I rise to support the speakers before me in celebrating the Diamond Jubilee of Her Majesty Queen Elizabeth. As a proud monarchist it gives me great pleasure to extend my warm congratulations to Her Majesty Queen Elizabeth II on the occasion of her Diamond Jubilee. For most of us Elizabeth has been our Queen for as long as we can remember. It is difficult to imagine the monarchy without her. In fact, the only British monarch to reign for as long as her was her great-great-grandmother, Queen Victoria.
Over the last 60 years the Queen has conducted herself with such grace, dignity and quiet authority that it is easy for us to forget the role is one that she neither sought nor expected. She was unexpectedly thrust into the position as first in line to the throne only after the shock abdication of her uncle Edward VIII and the elevation of her father, Albert, subsequently known as King George VI.
The legacy of Queen Elizabeth's reign will be one of dedication and exemplary service. Her sense of duty was well and truly in place even before she ascended to the throne. Indeed, it was on her 21st birthday that she famously declared that she intended to devote her whole life, whether it be long or short, to the service of the people of the Commonwealth. I suspect there were very few of us who expressed such noble sentiments at our 21st birthday speech.
Since that time she has stayed true to that vow and in my opinion thoroughly earned every privilege given to her at her birth. In fact, the Queen has set a new standard for selflessness that would leave many in this place in her shadow. We consider ourselves to be busy people. But Her Majesty the Queen has maintained a schedule equal to, if not greater than, ours not for a couple of terms of three years and not for a couple of decades but for half a century. Now, at the age of 85 years, she shows few signs of slowing down. I bring the room's attention to Her Majesty's recent visit to Australia where her schedule kept her enormously busy. The stamina of the lady was something that both my wife and I commented on. I daresay that our parents would not have been able to keep up with the schedule of the Queen.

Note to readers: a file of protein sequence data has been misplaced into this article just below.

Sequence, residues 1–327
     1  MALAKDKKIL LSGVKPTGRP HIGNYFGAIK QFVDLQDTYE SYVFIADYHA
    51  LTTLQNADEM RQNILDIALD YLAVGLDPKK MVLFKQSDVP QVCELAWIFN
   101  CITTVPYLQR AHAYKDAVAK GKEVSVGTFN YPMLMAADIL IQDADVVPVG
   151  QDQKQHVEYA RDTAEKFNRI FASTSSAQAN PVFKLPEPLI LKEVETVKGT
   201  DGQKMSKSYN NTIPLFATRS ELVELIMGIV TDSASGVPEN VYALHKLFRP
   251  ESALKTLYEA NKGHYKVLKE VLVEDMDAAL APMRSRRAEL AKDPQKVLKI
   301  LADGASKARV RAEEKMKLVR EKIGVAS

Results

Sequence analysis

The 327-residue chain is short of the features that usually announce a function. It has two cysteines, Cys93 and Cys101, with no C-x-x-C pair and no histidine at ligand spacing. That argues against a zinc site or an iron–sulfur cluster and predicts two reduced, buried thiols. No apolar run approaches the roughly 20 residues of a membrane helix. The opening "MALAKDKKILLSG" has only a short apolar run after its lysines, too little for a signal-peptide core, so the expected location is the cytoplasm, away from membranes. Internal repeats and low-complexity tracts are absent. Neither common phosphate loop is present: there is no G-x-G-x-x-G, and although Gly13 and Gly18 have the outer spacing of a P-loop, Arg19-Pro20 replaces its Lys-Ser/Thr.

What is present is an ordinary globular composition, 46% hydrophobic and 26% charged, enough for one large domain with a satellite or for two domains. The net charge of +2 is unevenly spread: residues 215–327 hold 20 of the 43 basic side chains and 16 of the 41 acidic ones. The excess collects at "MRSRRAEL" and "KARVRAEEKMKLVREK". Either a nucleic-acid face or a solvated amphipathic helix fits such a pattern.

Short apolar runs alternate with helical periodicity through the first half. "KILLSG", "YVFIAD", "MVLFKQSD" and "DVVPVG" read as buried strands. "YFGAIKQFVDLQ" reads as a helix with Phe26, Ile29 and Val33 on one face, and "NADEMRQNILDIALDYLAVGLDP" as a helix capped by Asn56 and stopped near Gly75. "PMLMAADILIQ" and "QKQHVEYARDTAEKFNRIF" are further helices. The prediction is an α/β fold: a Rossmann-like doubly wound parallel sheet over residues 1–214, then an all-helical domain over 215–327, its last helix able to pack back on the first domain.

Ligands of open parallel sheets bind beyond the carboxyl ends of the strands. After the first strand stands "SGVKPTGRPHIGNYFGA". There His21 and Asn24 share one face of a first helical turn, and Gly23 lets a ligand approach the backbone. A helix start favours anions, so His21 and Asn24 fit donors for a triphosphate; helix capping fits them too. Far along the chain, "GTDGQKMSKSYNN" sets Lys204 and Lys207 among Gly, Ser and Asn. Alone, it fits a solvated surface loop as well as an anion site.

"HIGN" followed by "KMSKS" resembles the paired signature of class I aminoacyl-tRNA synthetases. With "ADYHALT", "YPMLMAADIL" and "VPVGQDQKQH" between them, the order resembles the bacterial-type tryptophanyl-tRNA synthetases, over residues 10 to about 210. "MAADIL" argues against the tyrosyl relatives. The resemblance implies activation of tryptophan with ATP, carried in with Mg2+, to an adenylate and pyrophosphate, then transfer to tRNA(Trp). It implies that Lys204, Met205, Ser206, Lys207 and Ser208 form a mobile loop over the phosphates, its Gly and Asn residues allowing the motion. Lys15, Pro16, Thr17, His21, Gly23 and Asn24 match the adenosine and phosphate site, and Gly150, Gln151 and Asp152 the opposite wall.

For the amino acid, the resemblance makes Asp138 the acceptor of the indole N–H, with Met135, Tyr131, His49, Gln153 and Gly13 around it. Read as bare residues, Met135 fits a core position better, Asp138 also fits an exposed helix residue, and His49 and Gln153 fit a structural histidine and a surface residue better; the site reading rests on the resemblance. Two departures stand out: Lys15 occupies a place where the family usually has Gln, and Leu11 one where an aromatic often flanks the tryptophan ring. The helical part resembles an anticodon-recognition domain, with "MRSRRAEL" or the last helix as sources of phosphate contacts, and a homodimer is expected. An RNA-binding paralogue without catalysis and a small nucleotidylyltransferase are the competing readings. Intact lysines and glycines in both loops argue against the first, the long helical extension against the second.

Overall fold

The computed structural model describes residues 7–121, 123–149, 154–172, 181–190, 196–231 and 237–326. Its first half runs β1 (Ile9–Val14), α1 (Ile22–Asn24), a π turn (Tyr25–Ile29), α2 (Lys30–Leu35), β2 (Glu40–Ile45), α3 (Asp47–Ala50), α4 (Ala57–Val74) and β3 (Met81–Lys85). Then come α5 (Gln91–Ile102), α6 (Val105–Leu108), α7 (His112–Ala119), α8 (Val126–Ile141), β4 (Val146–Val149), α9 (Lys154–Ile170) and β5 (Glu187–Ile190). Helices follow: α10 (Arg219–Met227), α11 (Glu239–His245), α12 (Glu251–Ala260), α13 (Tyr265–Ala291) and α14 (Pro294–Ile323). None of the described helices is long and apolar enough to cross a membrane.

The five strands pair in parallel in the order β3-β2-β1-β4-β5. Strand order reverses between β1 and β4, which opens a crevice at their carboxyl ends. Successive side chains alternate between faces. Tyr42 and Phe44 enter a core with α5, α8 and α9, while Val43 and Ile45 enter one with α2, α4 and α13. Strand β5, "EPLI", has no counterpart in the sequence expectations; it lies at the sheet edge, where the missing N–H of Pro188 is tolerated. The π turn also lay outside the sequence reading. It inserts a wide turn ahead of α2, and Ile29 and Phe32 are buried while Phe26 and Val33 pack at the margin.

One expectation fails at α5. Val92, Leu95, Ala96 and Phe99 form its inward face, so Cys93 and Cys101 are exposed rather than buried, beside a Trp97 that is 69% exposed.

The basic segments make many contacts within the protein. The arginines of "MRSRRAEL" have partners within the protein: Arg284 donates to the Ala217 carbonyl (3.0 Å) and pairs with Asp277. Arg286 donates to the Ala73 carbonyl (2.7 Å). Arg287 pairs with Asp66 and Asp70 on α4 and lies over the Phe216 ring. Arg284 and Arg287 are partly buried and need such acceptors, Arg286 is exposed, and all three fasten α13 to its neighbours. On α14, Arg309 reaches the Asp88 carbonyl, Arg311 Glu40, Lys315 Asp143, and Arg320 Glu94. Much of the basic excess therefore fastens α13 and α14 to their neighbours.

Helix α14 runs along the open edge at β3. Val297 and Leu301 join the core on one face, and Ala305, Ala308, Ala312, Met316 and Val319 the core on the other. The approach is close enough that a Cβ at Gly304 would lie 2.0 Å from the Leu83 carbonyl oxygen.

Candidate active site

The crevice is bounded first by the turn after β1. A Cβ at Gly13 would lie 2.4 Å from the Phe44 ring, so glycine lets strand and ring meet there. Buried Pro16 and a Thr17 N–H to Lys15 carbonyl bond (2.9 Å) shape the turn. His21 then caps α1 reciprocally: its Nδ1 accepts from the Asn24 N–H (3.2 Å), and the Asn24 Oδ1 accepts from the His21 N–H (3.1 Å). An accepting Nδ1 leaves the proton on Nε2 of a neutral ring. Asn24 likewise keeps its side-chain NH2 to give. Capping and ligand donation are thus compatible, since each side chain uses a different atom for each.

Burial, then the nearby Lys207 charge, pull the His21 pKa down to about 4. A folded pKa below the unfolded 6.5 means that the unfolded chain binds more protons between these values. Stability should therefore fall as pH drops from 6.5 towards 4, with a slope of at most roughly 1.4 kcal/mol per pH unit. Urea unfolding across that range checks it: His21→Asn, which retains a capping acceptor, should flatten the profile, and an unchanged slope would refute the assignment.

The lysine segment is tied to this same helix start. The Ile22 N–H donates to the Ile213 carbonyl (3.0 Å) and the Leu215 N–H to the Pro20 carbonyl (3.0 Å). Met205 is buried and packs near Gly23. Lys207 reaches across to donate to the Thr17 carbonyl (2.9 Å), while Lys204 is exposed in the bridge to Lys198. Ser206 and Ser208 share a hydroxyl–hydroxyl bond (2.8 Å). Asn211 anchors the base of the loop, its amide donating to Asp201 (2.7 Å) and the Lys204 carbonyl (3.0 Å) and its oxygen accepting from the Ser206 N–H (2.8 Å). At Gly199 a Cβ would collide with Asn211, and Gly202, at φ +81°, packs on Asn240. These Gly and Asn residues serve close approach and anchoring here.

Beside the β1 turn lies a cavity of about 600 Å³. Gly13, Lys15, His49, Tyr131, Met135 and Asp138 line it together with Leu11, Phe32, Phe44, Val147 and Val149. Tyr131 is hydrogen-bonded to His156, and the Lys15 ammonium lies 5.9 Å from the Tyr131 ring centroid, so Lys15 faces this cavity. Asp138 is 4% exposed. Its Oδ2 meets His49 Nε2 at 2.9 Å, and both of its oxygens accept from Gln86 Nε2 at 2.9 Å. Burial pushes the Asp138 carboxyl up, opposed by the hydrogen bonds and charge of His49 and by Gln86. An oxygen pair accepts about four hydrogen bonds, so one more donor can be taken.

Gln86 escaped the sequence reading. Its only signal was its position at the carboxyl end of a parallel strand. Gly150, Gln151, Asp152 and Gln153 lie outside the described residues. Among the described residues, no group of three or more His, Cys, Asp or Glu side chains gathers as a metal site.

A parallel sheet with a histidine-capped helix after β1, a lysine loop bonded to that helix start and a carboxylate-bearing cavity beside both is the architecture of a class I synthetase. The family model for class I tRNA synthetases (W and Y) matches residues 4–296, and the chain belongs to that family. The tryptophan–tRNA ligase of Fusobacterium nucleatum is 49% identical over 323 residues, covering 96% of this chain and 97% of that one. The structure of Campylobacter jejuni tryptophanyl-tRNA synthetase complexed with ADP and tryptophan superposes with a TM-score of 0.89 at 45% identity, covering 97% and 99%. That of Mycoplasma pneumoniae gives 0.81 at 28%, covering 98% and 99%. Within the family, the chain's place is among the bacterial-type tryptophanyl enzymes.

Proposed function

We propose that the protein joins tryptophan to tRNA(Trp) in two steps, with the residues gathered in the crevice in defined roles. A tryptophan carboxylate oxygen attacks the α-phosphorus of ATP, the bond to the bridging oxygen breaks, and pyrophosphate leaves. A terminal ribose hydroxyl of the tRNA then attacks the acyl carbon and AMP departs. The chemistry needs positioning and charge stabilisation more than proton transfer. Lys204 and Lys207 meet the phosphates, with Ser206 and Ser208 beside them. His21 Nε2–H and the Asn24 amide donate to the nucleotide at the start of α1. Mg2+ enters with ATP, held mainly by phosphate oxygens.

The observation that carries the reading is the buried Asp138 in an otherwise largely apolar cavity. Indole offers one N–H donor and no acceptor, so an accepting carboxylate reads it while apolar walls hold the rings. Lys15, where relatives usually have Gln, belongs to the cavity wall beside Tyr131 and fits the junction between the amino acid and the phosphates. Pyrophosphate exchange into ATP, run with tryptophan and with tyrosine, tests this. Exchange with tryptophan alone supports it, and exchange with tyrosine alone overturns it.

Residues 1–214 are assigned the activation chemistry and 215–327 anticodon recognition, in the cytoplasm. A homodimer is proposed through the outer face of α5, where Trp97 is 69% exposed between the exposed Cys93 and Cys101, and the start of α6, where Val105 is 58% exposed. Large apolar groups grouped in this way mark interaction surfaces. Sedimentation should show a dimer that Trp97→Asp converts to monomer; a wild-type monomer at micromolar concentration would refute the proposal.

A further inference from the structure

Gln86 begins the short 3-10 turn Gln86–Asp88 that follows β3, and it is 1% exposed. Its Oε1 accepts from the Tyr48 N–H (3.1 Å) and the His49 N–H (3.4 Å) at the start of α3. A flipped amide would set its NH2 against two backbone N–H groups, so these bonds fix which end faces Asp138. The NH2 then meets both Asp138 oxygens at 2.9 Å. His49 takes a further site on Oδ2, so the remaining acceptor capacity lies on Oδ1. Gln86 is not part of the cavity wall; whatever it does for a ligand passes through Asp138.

It is amazing to think of the changes that have marked this period in our history: the expansion of the Commonwealth, the growth of the European Union, the end of the Cold War and the threat of terrorism that has engulfed the world. Throughout this period, through all the changes, the Queen has remained a continuous beacon of the values of our system which this government is built upon. We are justifiably proud in this country of our standing as one of the world's oldest continuous democracies. However I believe that we owe a great deal of this stability to the Westminster system of government that we inherited from our British forebears.
The Queen has a special place in the hearts of all Australians; that much is obvious from the tens of thousands who gathered to see her when she visited Australia last year. I believe the monarchy is going through something of a resurgence at the moment. Some people still talk of the need for a republic, but I believe that the public outpouring of support for the Queen seen in recent times—and not only for the Queen but also for Prince William, for his new bride and the royal family—puts that crusade to bed for the foreseeable future. In my opinion, that is not a bad thing. In times of constant change and turbulence, whether those upheavals are political, social or economic, it is good to have something good that surrounds us—a point which we can look to and be reminded of who we are, where we come from and how as a nation we do things.
I conclude by again offering my warm congratulations to Her Majesty on this remarkable achievement. May she always be remembered as dedicated and as a source of wisdom and continuity. Long live the Queen!